“I hope that I may always desire more than I accomplish”

Fundamentally, line management is about optimism, belief and expectation: in the people you line manage and their team and in you and your team. Every new year is a fresh start regardless of the exam results in the summer, good or bad: that’s optimism. The teachers and leaders in the team are the right ones to make those improvements: that’s belief. They will, therefore, achieve even more highly: that’s the expectation. Of course it doesn’t always work out like this for a whole multitude of reasons, sometimes valid and sometimes not, but that desire must always be there because the world of line management is a pitiful place without it. Even in the darkest hours of capability or competency procedures (and blessedly rare as these are, they are never far from being a possibility) the assumption of a line manager should always be that the person at the centre of the process wants to (optimism), can (belief) and will (expectation) make the improvements needed to become effective once more.

“Trifles make perfection, and perfection is no trifle”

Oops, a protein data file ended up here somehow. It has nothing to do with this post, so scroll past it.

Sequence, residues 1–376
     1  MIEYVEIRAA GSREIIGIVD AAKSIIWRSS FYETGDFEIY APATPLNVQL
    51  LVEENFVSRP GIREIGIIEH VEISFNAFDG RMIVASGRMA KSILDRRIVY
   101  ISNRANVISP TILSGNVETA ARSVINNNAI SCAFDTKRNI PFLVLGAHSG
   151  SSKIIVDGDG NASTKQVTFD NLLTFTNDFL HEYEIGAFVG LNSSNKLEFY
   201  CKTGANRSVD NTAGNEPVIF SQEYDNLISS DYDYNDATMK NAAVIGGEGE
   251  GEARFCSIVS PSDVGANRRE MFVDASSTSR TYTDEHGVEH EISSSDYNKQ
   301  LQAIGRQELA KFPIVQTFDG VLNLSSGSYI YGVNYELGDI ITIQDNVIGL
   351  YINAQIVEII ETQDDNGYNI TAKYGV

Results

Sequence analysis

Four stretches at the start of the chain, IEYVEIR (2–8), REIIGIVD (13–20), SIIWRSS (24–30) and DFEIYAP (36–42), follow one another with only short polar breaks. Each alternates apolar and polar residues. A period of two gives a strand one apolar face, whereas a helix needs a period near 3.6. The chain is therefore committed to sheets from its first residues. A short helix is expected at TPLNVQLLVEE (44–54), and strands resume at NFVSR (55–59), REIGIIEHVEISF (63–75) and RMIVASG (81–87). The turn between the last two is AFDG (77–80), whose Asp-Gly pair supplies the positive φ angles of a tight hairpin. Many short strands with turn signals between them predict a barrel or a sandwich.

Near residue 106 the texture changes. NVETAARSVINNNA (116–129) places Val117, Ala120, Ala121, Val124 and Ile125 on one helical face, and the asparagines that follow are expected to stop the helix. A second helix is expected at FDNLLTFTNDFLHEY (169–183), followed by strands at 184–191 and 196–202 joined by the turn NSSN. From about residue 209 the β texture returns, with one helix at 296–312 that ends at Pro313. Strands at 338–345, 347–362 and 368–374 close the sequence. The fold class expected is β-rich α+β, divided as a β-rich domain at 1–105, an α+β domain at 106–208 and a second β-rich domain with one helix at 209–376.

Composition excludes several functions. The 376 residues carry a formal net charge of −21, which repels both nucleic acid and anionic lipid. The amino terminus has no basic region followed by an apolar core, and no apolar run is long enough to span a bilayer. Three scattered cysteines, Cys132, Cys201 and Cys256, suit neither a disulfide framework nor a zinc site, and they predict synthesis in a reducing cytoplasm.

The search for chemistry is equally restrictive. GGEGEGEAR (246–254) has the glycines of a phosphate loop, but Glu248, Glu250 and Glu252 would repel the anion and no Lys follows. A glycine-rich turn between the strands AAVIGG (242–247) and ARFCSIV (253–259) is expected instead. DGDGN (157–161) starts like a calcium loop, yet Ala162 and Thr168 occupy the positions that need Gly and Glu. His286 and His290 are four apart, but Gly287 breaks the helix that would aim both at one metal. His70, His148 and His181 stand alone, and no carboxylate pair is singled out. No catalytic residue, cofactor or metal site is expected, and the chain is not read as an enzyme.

Line management is about sweating the small stuff or looking after the pennies so that the pounds look after themselves. In the cycling parlance of Team Sky and Team GB under Dave Brailsford it is about marginal gains, especially when you are working with already successful middle leaders. Here’s the admission for this post: I am rubbish at sending cards to recognise individual achievement, but I am a master at having an open door policy where the smallest of small things can be identified and dealt with on a daily basis. I can’t recommend it enough. Sometimes the best line management is done on the hoof simply because you are available, so make yourself available for the little things as often as possible.